We spend almost 1/3rd of our life sleeping. But, unfortunately, we don’t spend the same time and effort we take to buy a mobile for deciding which mattress to buy. Worse, most people don’t feel the need to use a mattress protector to guard it against the dirt and allergens surrounding them. Let us explore why we need a mattress protector and how to choose the right one.
What Is a Mattress Protector?
A mattress protector is like a fitted sheet that envelopes the mattress and protects it against stains, dirt and allergens. Most of the mattress protectors come with a terry cotton surface which resembles soft bath towels. This makes the surface comfortable to touch and avoids that plasticky feeling. Beneath it, there is a layer of TPU ( Thermoplastic Polyurethane) which makes it waterproof and prevents staining on your mattress.
Most mattress protectors can be washed safely in washing machines.
Cheaper mattress protectors come with Polyurethane (PU) or a vinyl layer for making it waterproof. These layers may disintegrate after a while or even emit unpleasant smells.
Allergens In Your Mattress
The primary reason to use a mattress protector is to protect it from stains. Bloodstains because of mosquitoes and during periods, saliva, sweat and other bodily fluids can stain the mattress even if you use a bed sheet on it.
You can see in the picture below two mattresses of the same brand that are almost 3 years old- the one on the right was covered with a mattress protector, while the one on the left wasn’t. As you can see, the one which was protected looks as good as new, while the other one has been stained badly and looks disgusting.
Equally important is protecting your mattress from allergens. Our body sheds dead skin on which dust mites feed. These dust mites which are invisible to naked eyes, are one of the leading cause of indoor pollution and triggers allergic reactions like sneezing, runny nose and even asthma attacks.
Dust mites live on your bed sheets as well as on unprotected mattresses. By washing bedsheets and towels in 60 C hot water, you can kill these dust mites easily. But if your mattress is infested with dust mites, you may have to use a HEPA vacuum cleaner and run it thoroughly over every nook, corner and crevice to get rid of the dust mites. Anyone who has used vacuum cleaners on mattresses knows that it is no easy feat. Or else, you have to professionally deep-clean it.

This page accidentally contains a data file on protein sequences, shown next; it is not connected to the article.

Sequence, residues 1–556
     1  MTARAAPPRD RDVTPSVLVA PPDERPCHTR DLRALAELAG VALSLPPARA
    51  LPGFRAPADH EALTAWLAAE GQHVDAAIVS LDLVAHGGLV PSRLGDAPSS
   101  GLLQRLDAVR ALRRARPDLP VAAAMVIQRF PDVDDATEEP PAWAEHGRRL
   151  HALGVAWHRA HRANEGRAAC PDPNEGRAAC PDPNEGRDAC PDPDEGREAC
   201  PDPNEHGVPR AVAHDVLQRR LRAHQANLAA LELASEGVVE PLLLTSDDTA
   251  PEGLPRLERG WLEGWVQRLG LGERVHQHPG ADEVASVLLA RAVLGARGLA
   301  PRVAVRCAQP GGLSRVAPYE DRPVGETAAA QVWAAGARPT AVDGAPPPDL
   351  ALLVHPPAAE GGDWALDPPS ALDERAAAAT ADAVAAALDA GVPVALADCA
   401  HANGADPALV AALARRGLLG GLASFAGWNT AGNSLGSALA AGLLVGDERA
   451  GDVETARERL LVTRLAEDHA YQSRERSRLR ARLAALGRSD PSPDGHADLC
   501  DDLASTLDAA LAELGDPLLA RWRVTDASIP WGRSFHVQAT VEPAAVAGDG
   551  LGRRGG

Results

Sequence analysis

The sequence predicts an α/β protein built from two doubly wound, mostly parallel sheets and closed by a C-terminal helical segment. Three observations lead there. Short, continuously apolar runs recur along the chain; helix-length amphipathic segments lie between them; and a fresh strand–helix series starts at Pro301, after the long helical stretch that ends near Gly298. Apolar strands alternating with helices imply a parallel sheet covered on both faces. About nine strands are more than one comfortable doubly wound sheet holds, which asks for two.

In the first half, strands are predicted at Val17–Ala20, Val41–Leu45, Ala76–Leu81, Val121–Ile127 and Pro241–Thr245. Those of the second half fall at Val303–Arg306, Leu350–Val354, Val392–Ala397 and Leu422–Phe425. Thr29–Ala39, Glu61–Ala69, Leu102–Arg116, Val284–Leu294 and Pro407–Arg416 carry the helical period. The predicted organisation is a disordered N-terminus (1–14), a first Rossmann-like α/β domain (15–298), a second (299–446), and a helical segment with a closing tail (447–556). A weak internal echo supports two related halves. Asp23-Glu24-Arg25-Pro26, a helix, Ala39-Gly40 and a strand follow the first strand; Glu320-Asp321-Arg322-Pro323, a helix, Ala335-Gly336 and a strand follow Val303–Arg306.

How To Choose A Mattress Protector?
The first and foremost aspect to look at when buying a mattress protector is the size. It should match the size of the mattress you have. As mattress protectors are stitched like fitted sheets, they should be a perfect match not just in terms of length and width, but also the height of the mattress.
Next, take a look at the material used as the waterproof layer. Ideally, it should be TPU or a polyester blend. Avoid vinyl and Polyurethane which imparts an unpleasant smell.
Finally, ensure that the surface which comes in contact with the bedsheet is made of soft cotton, suede or terry cotton. Sometimes, parents of young children use plastic sheets underneath the mattress to protect it from potty training accidents. But these plastic sheets heat up and as a result, even if you cover them with a bedsheet, kids and adults will feel quite uncomfortable sleeping on them.
Maintaining Mattress Protectors
If maintained correctly, a mattress protector lasts for 3-5 years. The reason it doesn’t last forever is that the waterproof layer degrades slowly over a period of time, especially when you wash it frequently. As a result, stains, dirt and dander may seep through it, defeating the whole purpose of having a mattress protector.
To maintain mattress protectors, clean them immediately if your child or an adult has had an accident. Urine stains can be stubborn if not treated promptly. Also, if the mattress protector is old, the smell may seep into your mattress itself.
Otherwise, wash the mattress protector every 3-4 months following the manufacturer’s instructions. Usually, it is a good idea to wash it in cold or mildly warm temperatures using a mild detergent. Air-dry it in shade and avoid exposure to harsh sunlight as it may result in the waterproof layer crumbling.
Unless specified by the manufacturer, avoid using bleach and fabric softener on mattress protectors. Bleach may damage the waterproof layer and fabric softeners adversely impact the absorption capacity of the terry cotton.